Also, I was pleasantly surprised by the prose. The Eragon series is a bit notorious for its lack of artistry, and I think Paolini has come a long way in that regard. He has always been a strong storyteller, and this time I think the language was able to reinforce that skill. It wasn’t flowery or especially individualistic, but I think that’s ok for a novel of this length. Having streamlined (but well-written) prose for 900 pages is definitely preferable, at least in my opinion.

There were a few plot points that kind of fizzled out without any bearing on the main direction of the story, which was a bit frustrating. I wish these hadn’t been included because they just made the plot drag a bit. In addition, I think there was a bit too much extraneous description that could have also been trimmed away (descriptions of walking from point A to point B, etc.). Overall, though, I think To Sleep followed a nice arc that wrapped up with a perfectly ambiguous ending. It left a lot of room for thought while still being satisfying.

There are a few things in the afterword that really just made me want to read this again, including affirmation of Eragon Easter eggs as well as a hint towards deeper meanings of certain things in the book. Maybe someone will do an analysis of this one day so that I don’t have to…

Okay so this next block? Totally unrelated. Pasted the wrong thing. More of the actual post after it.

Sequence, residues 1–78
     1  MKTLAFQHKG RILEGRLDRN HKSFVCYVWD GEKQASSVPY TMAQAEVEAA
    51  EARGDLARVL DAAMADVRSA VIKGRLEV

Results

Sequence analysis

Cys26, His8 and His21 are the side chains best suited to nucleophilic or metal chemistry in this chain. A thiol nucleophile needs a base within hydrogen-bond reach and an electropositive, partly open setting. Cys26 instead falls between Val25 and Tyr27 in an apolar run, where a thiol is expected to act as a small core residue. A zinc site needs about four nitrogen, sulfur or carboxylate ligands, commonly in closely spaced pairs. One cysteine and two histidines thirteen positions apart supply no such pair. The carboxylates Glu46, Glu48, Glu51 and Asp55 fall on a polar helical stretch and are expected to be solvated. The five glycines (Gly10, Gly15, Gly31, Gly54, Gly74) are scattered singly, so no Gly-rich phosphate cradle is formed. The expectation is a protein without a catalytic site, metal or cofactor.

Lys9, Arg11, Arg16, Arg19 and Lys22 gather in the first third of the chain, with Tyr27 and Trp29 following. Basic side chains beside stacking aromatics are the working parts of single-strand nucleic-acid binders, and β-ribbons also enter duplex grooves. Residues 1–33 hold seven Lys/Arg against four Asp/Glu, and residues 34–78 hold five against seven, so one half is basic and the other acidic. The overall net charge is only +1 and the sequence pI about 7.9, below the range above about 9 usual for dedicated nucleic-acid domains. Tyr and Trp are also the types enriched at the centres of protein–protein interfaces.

Anyways, that about sums up my initial thoughts. I would highly recommend this to Paolini lovers, even if sci-fi isn’t your cup of tea. I think the story was really well done, and I’m so glad I got to see the universe from Kira’s eyes. It’s clear that there is a true love for the beauty of the unknown parts of the vast world we live in. While I may not understand all of the technical jargon*, the wonder and trepidation of being such a small piece in the universe is something I have a lot of appreciation for.

*For those of you who are not comfortable in sci-fi settings, I was in the same boat (ship?) and I don’t think it detracted from my experience. While there is a fair amount of technical jargon, I found that it was fine that I wasn’t able to follow it exactly (also, I’m not sure if it was actually logical technicalities or if it was a load of baloney). I thought that the culture/dialogue was built up well enough that I could understand the gist of what was happening during the especially tech-heavy scenes.

Gideon the Ninth by Tamsyn Muir

Rating: 4.5 out of 5.